Reviews in a line or two: “Huge Collection of Films I Never Posted About in 2012” edition, part 2

The Beverly Hillbillies (1993)
Dir: Penelope Spheeris
Starring: Diedrich Bader, Erika Eleniak, Jim Varney, Cloris Leachman, etc.
This is everything you’d expect upon hearing the phrase “’90s remake of The Beverly Hillbillies.” It’s more than a little bit ridiculous and full of corn, but does have a few very funny moments. Bonus points for the cameos by Dolly Parton and Buddy Ebsen.
The score: 2.5/5

(Image: Torrent Butler)
(Image: Torrent Butler)

Cyberbully (2011)
Dir: Charles Biname
Starring: Emily Osment, Kay Panabaker
Oh, ABC Family, you never learn. What wanted to be a serious film that would speak to teens about online bullying and the dangers of the internet became a parody of itself. When your main character’s suicide attempt ends with an overblown(/poorly acted) yell that she can’t get the cap off of the pill bottle, you’ve made a joke of the issue rather than sparking a serious discussion. That being said, with the overacting and general melodramatic mood, this is good for cheesy movie time and should be made fun of with friends.
The score: 1/5

Director Neil Diamond with singer/songwriter Robbie Robertson, who has worked on films like Shutter Island and Raging Bull. (Image: imamuseum.org)
Director Neil Diamond with singer/songwriter Robbie Robertson, who has worked on films like Shutter Island and Raging Bull. (Image: imamuseum.org)

Reel Injun (2009)
Dir: Neil Diamond (Not that Neil Diamond) (with assistance from Catherine Bainbridge and Jeremiah Hayes)
Starring: Adam Beach, Russell Means, etc.
This is a really wonderful documentary that gives a bit of an overview of the depiction of Native Americans in films, from the silent era to modern, Native-produced independent films. Included in the discussion through interviews are actor Adam Beach, actor and activist Russell Means (one of my favorite human beings of all time) and Sacheen Littlefeather, who Marlon Brando famously sent to the Academy Awards in his place in 1973. This is an issue that doesn’t get discussed a lot and I’m glad such a great documentary exists to hopefully open up a dialogue.
The score: 5/5! REQUIRED VIEWING.

(Image: kcet.org)
(Image: kcet.org)

The Queen of Versailles (2012)
Dir: Lauren Greenfield
Starring: Jaqueline and David Siegel
I’ve seen a lot of my fellow bloggers talk about this, so I’m sure most of you have seen it before. The film follows a ridiculously wealthy family as they go from piles of money and influence to a “scaled down” lifestyle due to the country’s (and subsequently, the patriarch’s company’s) economic crisis. A title of a review on IMDb says it all: “The filmmaker did not aim to exploit these classless, tasteless billionaires; they took care of that themselves.” They’re completely ridiculous, but fascinating to watch.
The score: 4/5

Imaginary Witness: Hollywood and the Holocaust (2004)
Dir: Daniel Anker
Narrated by Gene Hackman
This is a pretty good documentary. It has tons of interesting film clips (My “to watch” list has grown from these) and is a compelling look at Hollywood’s portrayal of World War II and the Holocaust. This would be particularly beneficial viewing for those who haven’t given these film portrayals much thought outside of their entertainment value, but I think any viewer would find it interesting. Bonus points for the film’s praise of Charlie Chaplin and The Great Dictator, and for introducing me to Tomorrow, The World!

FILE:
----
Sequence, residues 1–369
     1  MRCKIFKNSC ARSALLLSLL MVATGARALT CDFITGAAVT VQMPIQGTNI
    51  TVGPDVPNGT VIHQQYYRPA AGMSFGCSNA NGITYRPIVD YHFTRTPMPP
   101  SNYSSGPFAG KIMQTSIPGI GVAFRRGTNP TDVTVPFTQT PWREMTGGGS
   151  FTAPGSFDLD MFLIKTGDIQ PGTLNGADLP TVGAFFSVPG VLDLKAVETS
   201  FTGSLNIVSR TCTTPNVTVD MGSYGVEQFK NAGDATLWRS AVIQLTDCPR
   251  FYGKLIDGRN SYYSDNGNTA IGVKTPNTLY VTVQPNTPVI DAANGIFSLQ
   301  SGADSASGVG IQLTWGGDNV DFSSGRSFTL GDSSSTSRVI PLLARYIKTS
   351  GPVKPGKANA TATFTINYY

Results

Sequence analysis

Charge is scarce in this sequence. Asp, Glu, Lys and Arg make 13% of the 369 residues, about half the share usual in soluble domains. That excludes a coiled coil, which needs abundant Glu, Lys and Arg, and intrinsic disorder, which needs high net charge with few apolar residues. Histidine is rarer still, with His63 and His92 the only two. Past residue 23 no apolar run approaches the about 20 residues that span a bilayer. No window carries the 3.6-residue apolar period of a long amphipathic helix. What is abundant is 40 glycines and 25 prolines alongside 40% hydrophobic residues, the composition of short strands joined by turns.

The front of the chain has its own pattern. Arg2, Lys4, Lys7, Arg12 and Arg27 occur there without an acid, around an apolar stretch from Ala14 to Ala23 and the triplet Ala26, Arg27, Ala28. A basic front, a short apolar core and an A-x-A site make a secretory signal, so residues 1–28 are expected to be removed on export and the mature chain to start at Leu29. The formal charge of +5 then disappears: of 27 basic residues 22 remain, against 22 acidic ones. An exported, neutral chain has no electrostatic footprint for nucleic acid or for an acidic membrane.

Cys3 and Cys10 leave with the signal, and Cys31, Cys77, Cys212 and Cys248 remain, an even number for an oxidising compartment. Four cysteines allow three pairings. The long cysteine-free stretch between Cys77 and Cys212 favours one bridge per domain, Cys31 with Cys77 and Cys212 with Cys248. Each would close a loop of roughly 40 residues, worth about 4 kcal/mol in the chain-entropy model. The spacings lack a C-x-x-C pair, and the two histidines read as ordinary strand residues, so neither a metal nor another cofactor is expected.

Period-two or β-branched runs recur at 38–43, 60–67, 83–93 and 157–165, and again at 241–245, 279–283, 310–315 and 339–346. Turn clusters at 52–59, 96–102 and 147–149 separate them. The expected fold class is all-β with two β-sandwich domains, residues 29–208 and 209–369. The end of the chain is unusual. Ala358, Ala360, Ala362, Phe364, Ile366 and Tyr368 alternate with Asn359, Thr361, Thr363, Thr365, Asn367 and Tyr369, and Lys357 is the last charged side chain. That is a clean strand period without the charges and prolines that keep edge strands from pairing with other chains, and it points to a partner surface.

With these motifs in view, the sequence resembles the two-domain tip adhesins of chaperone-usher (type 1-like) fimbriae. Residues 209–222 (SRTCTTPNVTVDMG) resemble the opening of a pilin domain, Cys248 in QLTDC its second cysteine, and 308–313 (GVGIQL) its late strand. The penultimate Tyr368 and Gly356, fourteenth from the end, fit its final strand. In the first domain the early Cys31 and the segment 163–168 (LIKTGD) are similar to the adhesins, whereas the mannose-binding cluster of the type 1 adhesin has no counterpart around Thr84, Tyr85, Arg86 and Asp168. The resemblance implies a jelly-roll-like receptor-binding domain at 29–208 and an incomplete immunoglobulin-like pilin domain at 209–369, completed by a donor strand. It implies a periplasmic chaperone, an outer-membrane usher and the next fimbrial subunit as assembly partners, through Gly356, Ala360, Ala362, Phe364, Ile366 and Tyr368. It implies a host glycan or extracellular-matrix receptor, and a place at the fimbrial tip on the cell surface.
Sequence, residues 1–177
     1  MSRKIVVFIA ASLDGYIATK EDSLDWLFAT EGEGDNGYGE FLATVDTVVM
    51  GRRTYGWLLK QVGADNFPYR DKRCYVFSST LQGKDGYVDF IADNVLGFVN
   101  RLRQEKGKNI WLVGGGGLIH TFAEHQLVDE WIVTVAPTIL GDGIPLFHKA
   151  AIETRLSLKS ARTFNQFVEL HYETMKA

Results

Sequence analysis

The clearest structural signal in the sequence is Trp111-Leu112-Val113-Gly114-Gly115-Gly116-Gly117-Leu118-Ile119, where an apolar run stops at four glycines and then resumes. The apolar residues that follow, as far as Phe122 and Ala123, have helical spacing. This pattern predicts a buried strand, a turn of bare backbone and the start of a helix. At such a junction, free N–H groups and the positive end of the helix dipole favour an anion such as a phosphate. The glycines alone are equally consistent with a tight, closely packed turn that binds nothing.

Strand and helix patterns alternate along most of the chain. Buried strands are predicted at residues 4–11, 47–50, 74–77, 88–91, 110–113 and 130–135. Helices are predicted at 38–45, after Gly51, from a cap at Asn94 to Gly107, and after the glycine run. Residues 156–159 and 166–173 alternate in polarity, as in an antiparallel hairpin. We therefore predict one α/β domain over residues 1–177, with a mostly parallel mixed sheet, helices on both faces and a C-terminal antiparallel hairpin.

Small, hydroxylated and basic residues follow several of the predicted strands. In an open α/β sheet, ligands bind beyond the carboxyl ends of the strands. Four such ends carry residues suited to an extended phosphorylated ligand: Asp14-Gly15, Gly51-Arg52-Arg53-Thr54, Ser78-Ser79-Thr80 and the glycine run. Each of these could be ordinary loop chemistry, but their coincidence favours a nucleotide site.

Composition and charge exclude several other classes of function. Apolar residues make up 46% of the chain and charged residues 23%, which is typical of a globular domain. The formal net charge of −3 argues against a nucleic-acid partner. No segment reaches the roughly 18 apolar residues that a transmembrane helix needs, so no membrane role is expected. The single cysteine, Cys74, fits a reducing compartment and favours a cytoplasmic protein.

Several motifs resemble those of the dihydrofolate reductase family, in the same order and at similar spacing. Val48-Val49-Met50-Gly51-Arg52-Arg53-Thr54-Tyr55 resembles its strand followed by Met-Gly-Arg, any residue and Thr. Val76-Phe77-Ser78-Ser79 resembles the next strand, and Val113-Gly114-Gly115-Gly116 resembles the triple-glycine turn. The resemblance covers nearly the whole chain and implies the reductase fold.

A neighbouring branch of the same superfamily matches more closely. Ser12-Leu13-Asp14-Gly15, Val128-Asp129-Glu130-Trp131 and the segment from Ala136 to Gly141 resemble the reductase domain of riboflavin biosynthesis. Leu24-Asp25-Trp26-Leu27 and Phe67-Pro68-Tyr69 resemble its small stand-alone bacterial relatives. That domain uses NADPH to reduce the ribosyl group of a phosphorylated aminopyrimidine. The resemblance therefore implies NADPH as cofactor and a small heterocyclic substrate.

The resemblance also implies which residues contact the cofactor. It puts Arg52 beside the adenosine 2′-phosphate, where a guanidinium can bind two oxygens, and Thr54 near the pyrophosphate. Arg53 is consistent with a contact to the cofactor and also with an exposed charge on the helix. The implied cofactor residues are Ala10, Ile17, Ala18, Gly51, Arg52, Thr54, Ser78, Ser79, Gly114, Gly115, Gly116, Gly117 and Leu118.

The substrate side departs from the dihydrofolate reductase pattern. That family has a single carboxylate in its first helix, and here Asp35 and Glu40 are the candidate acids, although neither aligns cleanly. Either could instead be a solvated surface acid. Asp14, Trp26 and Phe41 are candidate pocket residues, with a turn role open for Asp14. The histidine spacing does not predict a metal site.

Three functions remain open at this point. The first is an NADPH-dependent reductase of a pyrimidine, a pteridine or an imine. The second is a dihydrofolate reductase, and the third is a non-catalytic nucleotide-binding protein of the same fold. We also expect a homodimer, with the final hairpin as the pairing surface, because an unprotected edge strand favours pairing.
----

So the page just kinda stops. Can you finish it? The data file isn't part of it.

The score: 4/5

Marilyn photographed by Milton Greene
Marilyn photographed by Milton Greene


Marilyn in Manhattan
(TV, 1998)

This documentary didn’t really tell me anything I didn’t already know, and I found the narrator’s voice a little bit obnoxious. That being said, there are some really great interviews here (with the likes of Ellen Burstyn, Milton Greene’s wife and son, etc.) that make it worth a watch.
The score: 2.5/5

Following Sean (2005)
Dir: Ralph Arlyck
Narrated by Ralph Arlyck
This is an absolutely fascinating documentary. Ralph Arlyck was living in San Francisco during the good ol’ hippie days of the late 1960s and, as a student, made a film about his pot-smoking 4-year-old neighbor named Sean. Years later, Arlyck returns to California to find out what happened to Sean and his family. This film has no trouble drawing the viewer into the lives of both Arlyck and his subject.
The score: 4/5

(Image: aceshowbiz)
(Image: aceshowbiz)

A Cinderella Story: Once Upon a Song (2011)
Dir: Damon Santostefano
Starring: Lucy Hale
It’s cliche, it’s corny, it’s straight-to-DVD…. but it’s the perfect mindless entertainment to be viewed after a long, stressful day or on a rainy day with nothing to do. It isn’t terribly memorable and there are no stand-out, fantastic elements to speak of, but if you love the cheese and enjoyed either of the previous Cinderella Story films (the one with Selena Gomez is 100% a guilty pleasure of mine), you’ll have fun with this.
Corny Cliff Scale score: 3.5/5

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2 thoughts on “Reviews in a line or two: “Huge Collection of Films I Never Posted About in 2012” edition, part 2

  1. I haven’t seen any of these films (and I commend you for braving The Beverly Hillbillies!), but the documentary about how Hollywood portrays WWII and the Holocaust sounds interesting. Somewhat related is a documentary I saw called A Film Unfinished, which looks at a German propaganda film showing captured Jews leading a good life under Nazi ‘care’…then somebody finds the outtakes to the film. Very much worth a look,

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